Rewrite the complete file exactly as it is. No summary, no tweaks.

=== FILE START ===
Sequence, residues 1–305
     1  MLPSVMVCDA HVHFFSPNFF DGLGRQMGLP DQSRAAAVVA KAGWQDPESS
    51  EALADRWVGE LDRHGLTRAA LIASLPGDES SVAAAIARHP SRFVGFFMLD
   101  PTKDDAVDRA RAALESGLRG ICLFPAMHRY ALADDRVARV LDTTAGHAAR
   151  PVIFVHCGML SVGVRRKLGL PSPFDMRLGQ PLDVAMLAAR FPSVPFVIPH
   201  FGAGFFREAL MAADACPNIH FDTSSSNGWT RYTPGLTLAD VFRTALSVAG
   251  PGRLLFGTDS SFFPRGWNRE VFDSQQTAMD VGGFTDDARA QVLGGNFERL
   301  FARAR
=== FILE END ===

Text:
Sequence, residues 1–305
     1  MLPSVMVCDA HVHFFSPNFF DGLGRQMGLP DQSRAAAVVA KAGWQDPESS
    51  EALADRWVGE LDRHGLTRAA LIASLPGDES SVAAAIARHP SRFVGFFMLD
   101  PTKDDAVDRA RAALESGLRG ICLFPAMHRY ALADDRVARV LDTTAGHAAR
   151  PVIFVHCGML SVGVRRKLGL PSPFDMRLGQ PLDVAMLAAR FPSVPFVIPH
   201  FGAGFFREAL MAADACPNIH FDTSSSNGWT RYTPGLTLAD VFRTALSVAG
   251  PGRLLFGTDS SFFPRGWNRE VFDSQQTAMD VGGFTDDARA QVLGGNFERL
   301  FARAR